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Elon professor’s new work to premiere at campus concert

“Numen Lumen" will be performed Oct. 6, 2013, by Duke University's Ciompi Quartet, and Tim Olsen from the University of North Carolina School of the Arts, as part of the Mary Duke Biddle Chamber Recital Series. The concert is free and open to the public.

Associate Professor Todd Coleman on his latest commissioned work, "Numen Lumen," to be premiered Oct. 6, 2013: "I wanted something where the strings and organ were truly equal."

By Sarah Mulnick '17

A concert that takes place Sunday afternoon in Whitley Auditorium will feature the premiere of musical work by Associate Professor Todd Coleman commissioned as part of Elon University’s quasquicentennial celebration.

“Numen Lumen,” a composition for strings and organ inspired by the Elon University motto, promotes the notion of searching for meaning and truth as an essential element of human nature.

The Ciompi Quartet of Duke University, and organist Tim Olsen from the University of North Carolina School of the Arts, will perform the piece on Oct. 6 at 3 p.m. as part of the Mary Duke Biddle Chamber Recital Series. The concert is free and open to the public.

“Most human beings balance what they learn intellectually and scientifically,” Coleman said of the meaning to his work. “You can prove that things exist. But then there is this spiritual, intuitive part of our existence. This explores the notion of searching – that we are always searching and striving for answers, that it is human nature to want to find out what we are called to do with our lives.

“And I wanted something where the strings and the organ were truly equal. Not just a ‘back and forth,’ but a piece where they are working together.”

Challenging the use of different instruments and how they work is something at which Coleman excels, and he closely examined the way in which different instruments interact as he composed “Numen Lumen.” His primary instrument and style is the double bass in a classical medium, and bass guitar, the use of which he taught himself in eighth grade.

Coleman is also known for his ability to branch into other genres of music, including pop and classic rock. That flexibility impresses his colleagues, including Clay Stevenson, a music lecturer at Elon University.

“He has a unique sensitivity to various musical styles and an ability to successfully compose both art and contemporary music,” said Stevenson. “His versatility is inspiring.”

Mary Alice Bragg, an organist for Elon University, attended practices by Olsen and the Ciompi Quartet, and she said she was struck by the way the musicians interacted with Coleman. “It is impressive, a professional piece, and they got to hear from the composer how he wanted it to sound,” she said.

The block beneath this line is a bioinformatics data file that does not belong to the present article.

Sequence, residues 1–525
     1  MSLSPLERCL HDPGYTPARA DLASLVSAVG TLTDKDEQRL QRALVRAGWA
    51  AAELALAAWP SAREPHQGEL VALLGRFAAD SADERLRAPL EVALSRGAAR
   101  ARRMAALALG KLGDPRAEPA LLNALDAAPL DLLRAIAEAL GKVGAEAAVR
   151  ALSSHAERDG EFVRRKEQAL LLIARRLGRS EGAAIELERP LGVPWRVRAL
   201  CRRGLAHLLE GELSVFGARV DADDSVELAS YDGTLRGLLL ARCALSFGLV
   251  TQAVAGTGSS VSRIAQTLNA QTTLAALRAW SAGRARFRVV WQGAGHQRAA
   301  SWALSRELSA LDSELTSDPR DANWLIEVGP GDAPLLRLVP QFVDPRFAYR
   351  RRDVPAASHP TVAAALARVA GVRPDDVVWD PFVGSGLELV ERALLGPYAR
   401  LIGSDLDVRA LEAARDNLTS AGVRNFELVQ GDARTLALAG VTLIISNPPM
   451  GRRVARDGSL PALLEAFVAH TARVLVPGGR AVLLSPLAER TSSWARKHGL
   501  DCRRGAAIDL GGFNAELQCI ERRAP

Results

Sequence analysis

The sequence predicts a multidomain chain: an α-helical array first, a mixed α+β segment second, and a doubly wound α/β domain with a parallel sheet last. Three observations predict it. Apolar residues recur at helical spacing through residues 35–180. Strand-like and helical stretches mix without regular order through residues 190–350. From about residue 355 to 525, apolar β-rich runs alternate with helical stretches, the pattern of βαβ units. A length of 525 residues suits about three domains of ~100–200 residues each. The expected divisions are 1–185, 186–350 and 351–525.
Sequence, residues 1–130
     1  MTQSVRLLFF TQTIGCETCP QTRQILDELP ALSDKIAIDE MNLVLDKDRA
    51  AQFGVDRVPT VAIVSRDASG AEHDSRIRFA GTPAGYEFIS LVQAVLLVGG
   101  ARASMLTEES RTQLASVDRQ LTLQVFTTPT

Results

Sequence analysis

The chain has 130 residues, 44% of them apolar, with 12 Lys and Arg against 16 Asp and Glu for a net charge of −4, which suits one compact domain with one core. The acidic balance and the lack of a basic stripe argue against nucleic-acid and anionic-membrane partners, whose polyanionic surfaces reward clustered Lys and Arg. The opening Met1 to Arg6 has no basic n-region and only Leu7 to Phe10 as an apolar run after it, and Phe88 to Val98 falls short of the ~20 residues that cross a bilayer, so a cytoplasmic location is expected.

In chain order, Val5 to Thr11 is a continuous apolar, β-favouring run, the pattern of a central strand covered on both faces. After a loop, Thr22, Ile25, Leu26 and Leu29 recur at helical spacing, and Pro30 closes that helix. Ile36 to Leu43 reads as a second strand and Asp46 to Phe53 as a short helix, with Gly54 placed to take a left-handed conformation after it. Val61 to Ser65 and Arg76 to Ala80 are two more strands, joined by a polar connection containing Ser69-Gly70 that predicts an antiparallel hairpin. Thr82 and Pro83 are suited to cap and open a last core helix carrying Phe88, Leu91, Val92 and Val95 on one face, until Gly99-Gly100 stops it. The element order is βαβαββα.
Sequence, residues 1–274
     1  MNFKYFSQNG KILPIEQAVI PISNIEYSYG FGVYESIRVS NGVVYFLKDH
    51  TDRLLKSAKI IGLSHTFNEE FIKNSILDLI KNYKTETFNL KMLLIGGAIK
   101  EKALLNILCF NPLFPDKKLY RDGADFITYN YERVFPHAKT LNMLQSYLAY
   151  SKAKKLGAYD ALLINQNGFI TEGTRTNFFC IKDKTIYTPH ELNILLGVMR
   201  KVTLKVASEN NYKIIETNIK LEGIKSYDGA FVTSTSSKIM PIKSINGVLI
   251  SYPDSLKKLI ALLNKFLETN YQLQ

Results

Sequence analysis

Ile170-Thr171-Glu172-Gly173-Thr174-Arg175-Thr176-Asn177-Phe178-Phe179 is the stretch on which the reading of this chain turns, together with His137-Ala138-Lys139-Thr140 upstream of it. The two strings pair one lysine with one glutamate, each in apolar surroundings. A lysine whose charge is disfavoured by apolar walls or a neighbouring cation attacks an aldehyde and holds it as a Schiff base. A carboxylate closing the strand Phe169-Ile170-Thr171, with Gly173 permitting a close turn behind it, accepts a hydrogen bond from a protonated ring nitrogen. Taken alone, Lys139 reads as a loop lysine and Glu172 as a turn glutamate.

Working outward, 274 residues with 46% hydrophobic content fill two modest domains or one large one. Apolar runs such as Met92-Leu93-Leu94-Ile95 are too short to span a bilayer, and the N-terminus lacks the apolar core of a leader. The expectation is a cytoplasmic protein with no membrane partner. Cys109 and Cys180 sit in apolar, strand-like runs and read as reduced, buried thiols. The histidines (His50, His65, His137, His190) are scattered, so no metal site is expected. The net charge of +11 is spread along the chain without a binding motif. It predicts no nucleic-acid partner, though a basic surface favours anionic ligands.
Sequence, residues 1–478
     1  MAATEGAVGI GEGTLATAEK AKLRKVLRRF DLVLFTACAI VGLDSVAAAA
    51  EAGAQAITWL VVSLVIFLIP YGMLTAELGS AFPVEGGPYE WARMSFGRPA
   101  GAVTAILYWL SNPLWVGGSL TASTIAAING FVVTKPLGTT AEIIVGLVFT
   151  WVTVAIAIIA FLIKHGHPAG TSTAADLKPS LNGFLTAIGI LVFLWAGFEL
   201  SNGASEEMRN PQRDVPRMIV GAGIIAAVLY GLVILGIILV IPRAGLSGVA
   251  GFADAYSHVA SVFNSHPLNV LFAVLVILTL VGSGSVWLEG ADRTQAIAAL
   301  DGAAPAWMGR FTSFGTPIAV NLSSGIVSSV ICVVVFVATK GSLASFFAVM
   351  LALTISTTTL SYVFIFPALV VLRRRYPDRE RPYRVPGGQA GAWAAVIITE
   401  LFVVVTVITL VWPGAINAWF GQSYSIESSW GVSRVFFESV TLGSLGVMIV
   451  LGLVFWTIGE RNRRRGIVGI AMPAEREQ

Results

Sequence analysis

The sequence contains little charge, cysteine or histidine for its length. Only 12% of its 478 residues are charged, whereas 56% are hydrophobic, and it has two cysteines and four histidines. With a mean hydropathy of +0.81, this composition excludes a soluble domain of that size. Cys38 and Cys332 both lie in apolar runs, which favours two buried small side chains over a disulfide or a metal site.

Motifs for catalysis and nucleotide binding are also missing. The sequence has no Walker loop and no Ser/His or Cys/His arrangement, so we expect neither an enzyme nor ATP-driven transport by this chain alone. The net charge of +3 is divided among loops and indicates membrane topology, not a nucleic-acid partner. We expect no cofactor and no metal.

The piece for the Mary Biddle Duke Series is not Coleman’s first commission from Elon University. Last spring, it was Coleman’s creative force behind a centerpiece composition for the President’s Gala, one of the Department of Music's largest fundraising events to date.

Coleman’s interest in music started from a young age, thanks in part to his father who would play various genres of music around their home. In the second grade, he was handed a recorder and told that he was in the musically gifted program.

“I am not entirely sure how that worked,” Coleman said. “But I learned to play on that, and it continued from there.”

By the time he was in high school, Coleman had picked up the violin, the cello, string bass, bass guitar and piano, and he performed in the orchestra. He soon began to consider a career in the arts, and he won a national composing competition his last year of high school.

That contest entry, “Adieu” was his first published work and is still widely performed by school orchestras throughout the world.

At Brigham Young University, Coleman was among the top students in the music composition program. He attended the prestigious Eastman School of Music as a graduate student, continuing on to Grinnell College, where he also was a professor of music composition and theory. He moved to Elon in 2007, where he founded what is today known as the Music Production and Recording Arts program.

“It is a watermark for him to be here,” Bragg said. “Elon students are fortunate to have a working musician as a teacher.”

For the last three years, Coleman has worked on a team of Elon-affiliated faculty and students for the annual Greensboro 48 Hour Film Project. He composed the musical score the first year and has since served as the video editor, recently winning the contest award for best editing.

Outside of music, Coleman serves as bishop of the Burlington First Ward of The Church of Jesus Christ of Latter-day Saints. He is fluent in Laotian and conversant in both Thai and American Sign Language. Coleman also is responsible for helping to maintain the music department’s website.

He likes to work with visually appealing things, he said, and to do things with different media. Several of his pieces have expanded the performance from simply playing music, including one composition where light and video were used to make it an interactive experience for the audience.

“I have an artistic sense that spills over into different areas,” Coleman said. “I love the act of imagination and creation.”

 

           

Eric Townsend,
Staff
10/4/2013 7:00 PM